Ireland’s first Universal Periodic Review (UPR) took place yesterday at the UN Human Rights Council in Geneva. Ireland’s Justice Minister, Alan Shatter who represented the Irish Government was questioned on a wide range of issues including Ireland’s pro-life laws. The report of the UPR session will be adopted on Monday next and will be considered by the full council next March.
In his presentation Minister Shatter told the UN UPR Working Group that the European Court of Human Rights in the A, B & C case found that there was an absence of effective procedures to establish a right to termination in Ireland and that as stated in the national report
“Ireland is committed to expeditious implementation of the judgment and an expert group will be appointed in November, drawing on appropriate medical and legal expertise with a view to making recommendations to Government on how this matter should be properly addressed.”
During the subsequent session Ireland’s, anti-abortion laws were questioned by delegates from the following countries, Holland, Germany, Slovenia, Norway, Spain and the UK, all of whom, called on Ireland to legislate for abortion. Denmark additionally called for abortion on demand.
Minister Shatter in response to the questions and recommendations on the abortion issue told the meeting that Article 40.3.3 of the Irish Constitution guarantees both the right to life of the unborn with due regard to the equal right to life of the mother and continued by saying that the issue therefore has a constitutional context. He the told the meeting that the Irish Supreme Court in the X case had decided that it was lawful to terminate a pregnancy in Ireland when it is necessary to preserve the life, as distinct from the health of the mother, and that the government would address the issue and meet their obligations. He also told the meeting that the Court in the A, B & C judgment had found that Irish law is in accordance with the European Convention on Human Rights. It was he said the lack of an identifiable procedure that a woman could avail of if her life was genuinely at risk, on which the European Court had ruled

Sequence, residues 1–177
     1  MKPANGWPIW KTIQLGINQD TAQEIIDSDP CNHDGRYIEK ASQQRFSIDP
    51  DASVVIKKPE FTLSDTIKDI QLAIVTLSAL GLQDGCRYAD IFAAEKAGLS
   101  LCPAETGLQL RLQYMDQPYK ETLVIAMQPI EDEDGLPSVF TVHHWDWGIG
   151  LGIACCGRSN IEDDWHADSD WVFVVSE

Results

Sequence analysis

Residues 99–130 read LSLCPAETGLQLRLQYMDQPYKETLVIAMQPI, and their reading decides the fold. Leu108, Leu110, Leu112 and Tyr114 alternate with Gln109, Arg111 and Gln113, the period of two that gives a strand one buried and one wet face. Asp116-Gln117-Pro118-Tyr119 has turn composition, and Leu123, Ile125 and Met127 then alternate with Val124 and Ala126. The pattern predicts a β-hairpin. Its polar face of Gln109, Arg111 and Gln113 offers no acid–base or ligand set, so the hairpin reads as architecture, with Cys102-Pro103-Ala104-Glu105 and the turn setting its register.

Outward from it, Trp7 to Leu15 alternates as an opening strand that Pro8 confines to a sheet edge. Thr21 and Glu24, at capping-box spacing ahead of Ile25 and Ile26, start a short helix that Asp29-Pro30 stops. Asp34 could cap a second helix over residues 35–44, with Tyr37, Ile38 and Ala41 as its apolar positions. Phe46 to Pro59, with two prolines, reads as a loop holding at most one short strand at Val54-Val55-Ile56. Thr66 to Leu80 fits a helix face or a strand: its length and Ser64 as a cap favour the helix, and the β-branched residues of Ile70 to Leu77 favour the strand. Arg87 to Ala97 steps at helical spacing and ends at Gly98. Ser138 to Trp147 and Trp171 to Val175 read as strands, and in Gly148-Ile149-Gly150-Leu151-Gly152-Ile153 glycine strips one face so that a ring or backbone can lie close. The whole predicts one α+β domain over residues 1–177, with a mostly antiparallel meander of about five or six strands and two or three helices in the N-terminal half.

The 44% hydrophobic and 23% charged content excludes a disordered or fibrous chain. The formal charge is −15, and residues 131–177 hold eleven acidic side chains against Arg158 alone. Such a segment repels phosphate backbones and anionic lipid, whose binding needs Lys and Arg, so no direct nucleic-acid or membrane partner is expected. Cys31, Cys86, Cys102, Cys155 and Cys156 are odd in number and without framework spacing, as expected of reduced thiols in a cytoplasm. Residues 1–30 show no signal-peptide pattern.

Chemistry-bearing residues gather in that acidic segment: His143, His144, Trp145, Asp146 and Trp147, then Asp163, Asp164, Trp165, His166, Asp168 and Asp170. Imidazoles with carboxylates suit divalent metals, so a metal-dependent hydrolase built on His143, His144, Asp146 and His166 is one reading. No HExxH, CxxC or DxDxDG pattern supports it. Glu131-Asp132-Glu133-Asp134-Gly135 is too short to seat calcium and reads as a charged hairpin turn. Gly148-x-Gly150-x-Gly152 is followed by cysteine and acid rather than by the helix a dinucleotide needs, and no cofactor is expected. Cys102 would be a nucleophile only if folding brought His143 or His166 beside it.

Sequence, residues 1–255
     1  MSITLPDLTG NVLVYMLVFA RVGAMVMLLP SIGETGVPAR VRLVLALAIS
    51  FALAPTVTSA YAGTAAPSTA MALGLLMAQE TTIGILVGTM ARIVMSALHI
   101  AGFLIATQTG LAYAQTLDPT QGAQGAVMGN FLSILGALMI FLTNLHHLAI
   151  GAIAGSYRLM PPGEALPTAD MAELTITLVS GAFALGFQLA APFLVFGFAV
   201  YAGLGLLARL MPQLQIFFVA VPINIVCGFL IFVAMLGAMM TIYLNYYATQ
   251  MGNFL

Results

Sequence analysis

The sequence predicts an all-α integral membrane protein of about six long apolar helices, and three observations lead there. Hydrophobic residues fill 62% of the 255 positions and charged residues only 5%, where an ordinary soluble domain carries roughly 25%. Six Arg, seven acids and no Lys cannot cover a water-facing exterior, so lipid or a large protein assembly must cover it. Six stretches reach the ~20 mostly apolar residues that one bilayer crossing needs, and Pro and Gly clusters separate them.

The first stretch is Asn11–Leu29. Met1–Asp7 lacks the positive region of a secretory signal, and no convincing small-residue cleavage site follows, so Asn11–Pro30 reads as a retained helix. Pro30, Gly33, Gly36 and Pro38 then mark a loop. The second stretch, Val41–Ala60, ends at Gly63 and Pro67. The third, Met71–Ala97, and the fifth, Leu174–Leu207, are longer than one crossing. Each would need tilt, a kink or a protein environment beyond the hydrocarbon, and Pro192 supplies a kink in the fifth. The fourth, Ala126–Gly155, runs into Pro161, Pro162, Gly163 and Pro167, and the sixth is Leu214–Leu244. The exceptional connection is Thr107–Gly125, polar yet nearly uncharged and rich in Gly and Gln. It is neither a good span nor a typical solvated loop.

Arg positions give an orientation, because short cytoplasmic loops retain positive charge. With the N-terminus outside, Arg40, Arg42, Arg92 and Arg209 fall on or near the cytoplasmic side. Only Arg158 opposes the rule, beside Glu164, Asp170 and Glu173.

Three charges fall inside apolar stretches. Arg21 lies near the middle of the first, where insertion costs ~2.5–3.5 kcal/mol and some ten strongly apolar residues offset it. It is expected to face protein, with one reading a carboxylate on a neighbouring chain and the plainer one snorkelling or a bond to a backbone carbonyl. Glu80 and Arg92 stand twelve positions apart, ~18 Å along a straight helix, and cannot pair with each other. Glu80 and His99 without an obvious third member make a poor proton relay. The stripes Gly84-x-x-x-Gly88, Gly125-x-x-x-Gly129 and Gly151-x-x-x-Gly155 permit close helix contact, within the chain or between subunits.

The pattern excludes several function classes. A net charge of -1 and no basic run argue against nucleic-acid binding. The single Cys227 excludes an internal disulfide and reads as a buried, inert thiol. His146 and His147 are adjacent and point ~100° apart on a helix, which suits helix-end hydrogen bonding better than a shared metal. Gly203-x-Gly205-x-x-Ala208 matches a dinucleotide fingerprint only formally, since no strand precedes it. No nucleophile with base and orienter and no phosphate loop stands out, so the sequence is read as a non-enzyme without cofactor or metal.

Despite the demand of pro-abortion governments and pro-abortion groups such as the IFPA Ireland is not obliged to legislate for abortion as a result the recent European Court of Human Rights ruling in the A, B & C case.
It is to be hoped that the expert group to be appointed in November will include pro-life legal and medical advice and will take into account the numerous peer reviewed studies, highlighting the negative consequences of abortion for women, rather than adopting a pro-abortion ideological stance, bearing in mind that Ireland has the lowest level of maternal mortality in the world. In fact Ireland has a much better record of safeguarding the lives of women in pregnancy than any of the countries that challenged the Irish laws on abortion.